In 2006, Marion T.D. Lewis Esq. LL.M created an online space that has become a hub of learning and community building. The tagline for Divorce Saloon is The World’s First Divorce Newspaper.
The digital newspaper focuses on International Family Law and features articles that are informative and entertaining for lawyers, attorneys, divorce experts and coaches around the world. The editors haven’t forgotten who we are all doing this work for. There are podcasts, advice columns, interviews and features on popular culture. You can check out Divorce Saloon if you really need a good laugh, but there are also stories that will bring a tear to even the most seasoned veteran of the divorce wars.
Divorce was previously waged like a war, but people like Marion are creating positive change in how we deal with the end of a marriage. She is an international lawyer admitted to practice law in New York and Georgia. Marion is also the founder of English Language Global, an initiative dedicated to helping professionals in the international community improve their English proficiency.
Marion is a powerhouse who also acts as creative director, international correspondent and media coordinator for Divorce Saloon. She is working towards a PhD in international Relations.
First Wives World had the pleasure of speaking with Marion about the inspiration for Divorce Saloon and her vision for creating a more positive approach to relationship challenges.
You are an accomplished woman. You’ve written three books, published many articles and you are also an excellent photographer. Why did you choose a career in law with a focus on International Family and Matrimonial Law?
Marion: Wow. You have really done your homework! Yes I am a frustrated writer at heart. I don't think I ever "chose" to be an international family lawyer. It certainly is one of the subjects I gravitate to in my professional life. But in a very real sense, I am a bit of a maverick. That is to say I am very independent minded and a bit unconventional in some ways - especially professionally; yet paradoxically, I let life choose for me a lot of times. That is, I can be a bit of a conformist when necessary even though it may appear that I am always up to something new and different and unconventional. So the takeaway is that I listen to life. I go with the flow and that is how I think I ended up in this field. It was not a conscious "choice" necessarily.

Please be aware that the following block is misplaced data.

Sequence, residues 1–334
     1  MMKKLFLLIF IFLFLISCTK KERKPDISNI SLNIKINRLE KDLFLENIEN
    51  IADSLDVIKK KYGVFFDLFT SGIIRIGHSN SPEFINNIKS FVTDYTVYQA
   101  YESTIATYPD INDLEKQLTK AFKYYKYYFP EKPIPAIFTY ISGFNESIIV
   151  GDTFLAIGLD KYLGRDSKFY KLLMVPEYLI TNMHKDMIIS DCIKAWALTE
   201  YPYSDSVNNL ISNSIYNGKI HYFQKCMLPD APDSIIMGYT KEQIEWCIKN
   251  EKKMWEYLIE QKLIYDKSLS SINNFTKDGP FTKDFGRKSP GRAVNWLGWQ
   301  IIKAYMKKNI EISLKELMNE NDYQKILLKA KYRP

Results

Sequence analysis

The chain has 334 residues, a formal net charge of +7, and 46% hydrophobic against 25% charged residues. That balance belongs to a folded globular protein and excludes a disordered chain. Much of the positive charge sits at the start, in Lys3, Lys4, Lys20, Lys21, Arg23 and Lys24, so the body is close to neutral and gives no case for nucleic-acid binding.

Divorce Saloon is an incredible resource for people all over the world going through divorce, and for professionals who have made it their life’s work to help clients through relationship problems. What inspired you to create this site, and what is the most interesting story, piece of advice or feedback that has come across the threshold of your Internet portal?
Marion: The site started as a purely local New York City attorney blog; then the recession happened in 2008 and people were not getting divorced as much as they used to. So I had a lot of down time at the office and I started blogging up a storm. The website just developed organically from that, to what it is today. I honestly could not identify a "most interesting story" because all of it has been interesting. Divorce is a global phenomenon and it is interesting. I have heard it referred to as a "contact sport" and I almost have to agree. Why is it so interesting? Because it is so basic, so integral to the human experience. We love and sometimes the gamble does not pay off; and then we hate a little bit and we fight, and then, we move on to the next situation, the next love affair and we start the process over again. Isn't that true of us? This is who we are as human beings and I think that this is why divorce intrigues us because we can become voyeurs (rather than active sufferers) in other people's experiences. We can identify with them, but, at least for that moment, we are glad it isn't us - because it quite easily could have been.
I listened to your podcast with Parisian divorce lawyer Noemie Houchet Tran. I’m not a lawyer, but it is fascinating to hear about the differences in the way divorce is handled in France compared to North America. What have you learned from international lawyers that could be of benefit to Americans? Is there something they are doing that we should heed?